The top supporting players are no less stellar – they are Murfreesboro’s own Analisa Leaming as Irene Malloy, Kristen Hahn as Minnie Fay, Nic Rouleau as Cornelius Hackl and Sean Burns as Barnaby Tucker. All four have gorgeous purity in their singing voices to go with excellent movement as dancers and spot-on choices as actors.
The remaining ensemble (which according to the program includes Colin LeMoine, Morgan Kirner, Jessica Sheridan, Wally Dunn, Maddy Apple, Daniel Beeman, Brittany Bohn, Giovanni Bonaventura, Elizabeth Broadhurst, Whitney Cooper, Darius Crenshaw, Julian DeGuzman, Alexandra Frohlinger, Dan Horn, Corey Hummerston, Madison Johnson, Nathan Keen, Beth Kirkpatrick, Ben Lanham, Ian Liberto, Kyle Samuel, Scott Shedenhelm, Timothy Shaw, Maria Christina Slye, Cassie Austin Taylor, Davis Wayne, Brandon L. Whitmore and Connor Wince) are a credit to their profession and this tour. Their exuberance and talent is always on winning display, and it’s a privilege to watch each of them work.
If, as one of the memorable lyrics from the show says, it only takes a moment to be loved your whole life long, the multitude of lovable moments provided by this “Hello, Dolly!” national tour should last many lifetimes in the memories of those who see it. And while I still hope they’ll put a picture of the great Betty Buckley up in TPAC beside the great Carol Channing, the mental images I have of her heart-warming work will joyfully sustain me. Thanks, thanks and ever thanks to her and her colleagues for the lasting gifts their performances give!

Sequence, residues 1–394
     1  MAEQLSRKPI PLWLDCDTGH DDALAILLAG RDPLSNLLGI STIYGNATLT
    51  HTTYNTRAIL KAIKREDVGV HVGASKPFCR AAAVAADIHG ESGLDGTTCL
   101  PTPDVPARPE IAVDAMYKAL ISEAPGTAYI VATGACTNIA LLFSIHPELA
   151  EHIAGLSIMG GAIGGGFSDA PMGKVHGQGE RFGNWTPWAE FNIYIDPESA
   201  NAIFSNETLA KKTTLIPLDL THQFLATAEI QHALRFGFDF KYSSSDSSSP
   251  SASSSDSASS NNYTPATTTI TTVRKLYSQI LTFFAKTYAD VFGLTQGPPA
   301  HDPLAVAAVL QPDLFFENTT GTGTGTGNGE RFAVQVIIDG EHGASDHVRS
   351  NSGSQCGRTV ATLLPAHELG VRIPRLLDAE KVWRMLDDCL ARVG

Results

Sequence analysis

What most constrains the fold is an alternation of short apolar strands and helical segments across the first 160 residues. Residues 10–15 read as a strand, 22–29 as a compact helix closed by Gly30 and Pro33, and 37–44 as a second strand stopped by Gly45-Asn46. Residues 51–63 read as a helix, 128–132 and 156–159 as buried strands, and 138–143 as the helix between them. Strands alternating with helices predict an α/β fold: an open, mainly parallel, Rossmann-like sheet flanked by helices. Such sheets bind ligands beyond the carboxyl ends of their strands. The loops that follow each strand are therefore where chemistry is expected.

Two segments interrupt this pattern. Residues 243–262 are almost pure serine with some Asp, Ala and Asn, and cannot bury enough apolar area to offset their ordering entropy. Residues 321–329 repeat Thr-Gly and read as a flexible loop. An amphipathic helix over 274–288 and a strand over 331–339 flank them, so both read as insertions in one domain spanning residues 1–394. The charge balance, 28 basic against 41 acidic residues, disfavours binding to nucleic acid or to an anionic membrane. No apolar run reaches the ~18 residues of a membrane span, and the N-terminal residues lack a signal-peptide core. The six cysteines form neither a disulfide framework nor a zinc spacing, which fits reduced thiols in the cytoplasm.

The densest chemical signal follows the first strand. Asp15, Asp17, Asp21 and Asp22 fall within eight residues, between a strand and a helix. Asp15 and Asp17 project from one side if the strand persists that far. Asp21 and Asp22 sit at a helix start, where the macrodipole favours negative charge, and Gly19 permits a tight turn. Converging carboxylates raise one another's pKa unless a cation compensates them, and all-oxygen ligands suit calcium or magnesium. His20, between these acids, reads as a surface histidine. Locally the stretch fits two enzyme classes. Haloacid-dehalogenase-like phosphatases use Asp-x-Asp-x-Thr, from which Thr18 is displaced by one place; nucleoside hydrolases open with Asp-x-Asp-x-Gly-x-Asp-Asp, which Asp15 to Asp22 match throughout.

For more on the continuing national tour of “Hello, Dolly!” click here. For information on the next HCA/TriStar Health Broadway at TPAC presentation, “Miss Saigon,” click here. For information on the upcoming 2019-20 Broadway at TPAC Season Ticket Packages available from May 6 click here.